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Retroactive, Inc. v. Nebraska Liquor Control Commission

Supreme Court of Nebraska

February 9, 2018

Retroactive, Inc., a Nebraska corporation, doing business as funkytown, appellee,
v.
Nebraska Liquor Control Commission, an agency of the State of Nebraska, appellant, and City of Omaha, a political subdivision of the state of Nebraska, appellee.

         1. Judgments: Jurisdiction: Appeal and Error. Determination of a jurisdictional issue which does not involve a factual dispute is a matter of law which requires an appellate court to reach its conclusions independent from a trial court.

         Appeal from the District Court for Lancaster County: Darla S. Ideus, Judge.

          Douglas J. Peterson, Attorney General, and Milissa Johnson-Wiles for appellant.

          Burke J. Harr and Justin D. Eichmann, of Houghton, Bradford & Whitted, PC, L.L.O., for appellee Retroactive, Inc.

          Heavican, C.J., Miller-Lerman, Cassel, Stacy, Kelch, and Funke, JJ.

          Heavican, C.J.

         INTRODUCTION

         The Nebraska Liquor Control Commission (Commission) denied the issuance of a Class C liquor license to applicant Retroactive, Inc., doing business as Funkytown, for premises [298 Neb. 937] located in Omaha, Nebraska. Retroactive sought review in the district court, arguing that the decision of the Commission (1) was arbitrary and capricious and unsupported by evidence and (2) exceeded the authority of the Commission. The City of Omaha (City) filed a motion to dismiss for failure to name the citizen objectors as "necessary parties" to the petition for review. The district court denied the City's motion and entered an order reversing the Commission's decision to deny the Class C liquor license. The Commission appeals. We hold that the district court did not have subject matter jurisdiction, because the Commission did not name the citizen objectors as parties of record to the petition for review.

         BACKGROUND

         Factual Background

         On October 1, 2015, Retroactive applied for a Class C liquor license for a nightclub located at 1516 Jones Street in Omaha (application). Nine objectors filed citizen protests against the application. All of the objectors reside in a residential building that shares a common wall with the proposed nightclub. On December 17, the Commission held a hearing concerning the application.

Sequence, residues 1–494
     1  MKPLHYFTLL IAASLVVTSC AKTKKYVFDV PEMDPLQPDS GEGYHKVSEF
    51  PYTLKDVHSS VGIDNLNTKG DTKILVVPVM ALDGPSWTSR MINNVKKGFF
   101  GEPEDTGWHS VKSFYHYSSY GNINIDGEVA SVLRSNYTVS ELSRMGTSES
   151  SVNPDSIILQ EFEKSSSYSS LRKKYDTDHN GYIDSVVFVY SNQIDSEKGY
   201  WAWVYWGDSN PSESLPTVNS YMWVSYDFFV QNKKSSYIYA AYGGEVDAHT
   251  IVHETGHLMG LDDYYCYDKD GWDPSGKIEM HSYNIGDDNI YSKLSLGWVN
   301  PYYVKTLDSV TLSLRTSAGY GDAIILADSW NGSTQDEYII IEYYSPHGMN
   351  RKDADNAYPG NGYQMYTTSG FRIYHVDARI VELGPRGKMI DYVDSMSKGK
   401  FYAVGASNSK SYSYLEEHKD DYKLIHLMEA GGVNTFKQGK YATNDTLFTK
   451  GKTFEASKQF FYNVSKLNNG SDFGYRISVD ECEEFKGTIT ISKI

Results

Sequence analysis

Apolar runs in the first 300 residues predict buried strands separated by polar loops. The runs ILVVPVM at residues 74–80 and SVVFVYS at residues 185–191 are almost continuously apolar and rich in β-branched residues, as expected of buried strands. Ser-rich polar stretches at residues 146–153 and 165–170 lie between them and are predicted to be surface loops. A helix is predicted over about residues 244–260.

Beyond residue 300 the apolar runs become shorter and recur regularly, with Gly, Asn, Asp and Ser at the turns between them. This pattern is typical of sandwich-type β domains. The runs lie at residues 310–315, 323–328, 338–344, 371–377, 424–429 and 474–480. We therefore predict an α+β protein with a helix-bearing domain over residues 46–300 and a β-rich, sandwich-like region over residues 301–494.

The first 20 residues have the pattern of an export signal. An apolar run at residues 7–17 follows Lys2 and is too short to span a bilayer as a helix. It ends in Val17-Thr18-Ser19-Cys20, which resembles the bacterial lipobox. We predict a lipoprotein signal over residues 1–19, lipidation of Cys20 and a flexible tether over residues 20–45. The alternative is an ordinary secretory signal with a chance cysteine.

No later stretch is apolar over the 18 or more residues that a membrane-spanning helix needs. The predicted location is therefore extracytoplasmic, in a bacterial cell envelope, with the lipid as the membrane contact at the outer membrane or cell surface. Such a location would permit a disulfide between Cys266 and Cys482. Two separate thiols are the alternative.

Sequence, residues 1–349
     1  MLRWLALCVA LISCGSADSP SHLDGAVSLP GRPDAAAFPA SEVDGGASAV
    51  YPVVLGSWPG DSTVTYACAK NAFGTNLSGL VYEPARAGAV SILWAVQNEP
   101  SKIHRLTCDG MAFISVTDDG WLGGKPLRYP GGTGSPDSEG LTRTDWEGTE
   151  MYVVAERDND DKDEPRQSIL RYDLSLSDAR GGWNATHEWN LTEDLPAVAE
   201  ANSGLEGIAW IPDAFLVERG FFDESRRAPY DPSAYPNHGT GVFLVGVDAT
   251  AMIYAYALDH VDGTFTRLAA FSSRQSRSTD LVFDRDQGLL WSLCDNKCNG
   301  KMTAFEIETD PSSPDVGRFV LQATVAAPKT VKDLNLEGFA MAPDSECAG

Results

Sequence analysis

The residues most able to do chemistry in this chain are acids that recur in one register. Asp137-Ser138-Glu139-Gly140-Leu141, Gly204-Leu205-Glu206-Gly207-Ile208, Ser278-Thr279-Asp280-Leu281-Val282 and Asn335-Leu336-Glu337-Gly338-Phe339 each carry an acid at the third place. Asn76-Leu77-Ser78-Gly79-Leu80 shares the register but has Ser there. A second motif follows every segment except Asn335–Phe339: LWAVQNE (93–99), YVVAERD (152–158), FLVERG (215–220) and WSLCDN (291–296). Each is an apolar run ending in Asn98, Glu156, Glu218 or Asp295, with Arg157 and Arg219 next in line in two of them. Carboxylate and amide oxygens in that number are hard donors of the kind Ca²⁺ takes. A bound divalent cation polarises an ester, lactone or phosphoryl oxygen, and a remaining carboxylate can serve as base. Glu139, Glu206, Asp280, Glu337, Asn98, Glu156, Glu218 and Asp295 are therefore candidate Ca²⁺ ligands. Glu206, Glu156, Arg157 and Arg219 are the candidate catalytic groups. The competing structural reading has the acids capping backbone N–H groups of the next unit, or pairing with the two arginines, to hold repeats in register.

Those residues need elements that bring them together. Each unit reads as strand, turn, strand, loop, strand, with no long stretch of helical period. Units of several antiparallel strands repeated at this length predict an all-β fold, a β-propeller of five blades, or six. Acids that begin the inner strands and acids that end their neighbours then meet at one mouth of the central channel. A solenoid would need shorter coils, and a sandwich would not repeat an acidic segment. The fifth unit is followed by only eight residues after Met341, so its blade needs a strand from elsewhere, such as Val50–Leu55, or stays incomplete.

At the hearing, the City called three witnesses. First, an assistant city attorney for the City testified that Retroactive's owner previously applied for a liquor license for the same location and that the application was denied. The attorney asked the court to take administrative notice of the file and order of denial for that license. Second, David Hecker, an objector, testified that he objected to the application, because the business proposal was inconsistent with the current status of the neighborhood and the application was identical in all material respects to the one that had previously been denied by the Omaha City Council and the Commission. Third, Billy Coburn, an objector, testified that "the nature of the community in the neighborhood . . . has changed over the last two years since prior clubs have existed at 1516 Jones." Coburn [298 Neb. 938] stated that issuance of the liquor license "will devalue the surrounding properties, affect the safety of the neighborhood, and the adjoining walls were not addressed for sound control." The two objectors who testified were not represented by counsel.

         Procedural Background

         Pursuant to Neb. Rev. Stat. § 53-131 (Cum. Supp. 2016). on October 1, 2015, Retroactive made an application for the Commission's issuance of a Class C liquor license for the location at 1516 Jones Street in Omaha. On November 3, the Omaha City Council held a hearing pursuant to Neb. Rev. Stat. § 53-134 (Cum. Supp. 2016) and passed a resolution to recommend denial of the application. On November 5, the Commission received a recommendation from the Omaha City Council to deny the application. On December 17, pursuant to Neb. Rev. Stat. § 53-133 (Cum. Supp. 2016), the Commission conducted a hearing on the application, and on January 8, 2016, the Commission entered an order denying the application.

         On January 19, 2016, Retroactive filed a petition for review under the Administrative Procedure Act (APA) in the district court. In the petition, Retroactive argued that (1) the January 8 order was arbitrary and capricious, (2) the January 8 order was unsupported by evidence, and (3) the Commission's determination outlined in the January 8 order exceeds its statutory authority.

         The City filed a motion to dismiss on February 24, 2016, arguing that the citizen objectors were "necessary parties" to the action and were not made a party to the petition for review under the APA. The district court filed an order on May 9, overruling the City's motion to dismiss. The court found that "[t]he plain language of § 53-1, 115(4) limits its application to 'for purposes of this section.'" Therefore, the court found that "the citizen protesters who provided written protests and those who testified at the hearing before the Commission were not 'parties of record' as that term is defined by the APA."

         [298 Neb. 939] The district court filed an order on January 24, 2017, reversing the Commission's decision to deny the application. The district court remanded the matter to the Commission to issue a Class C liquor ...


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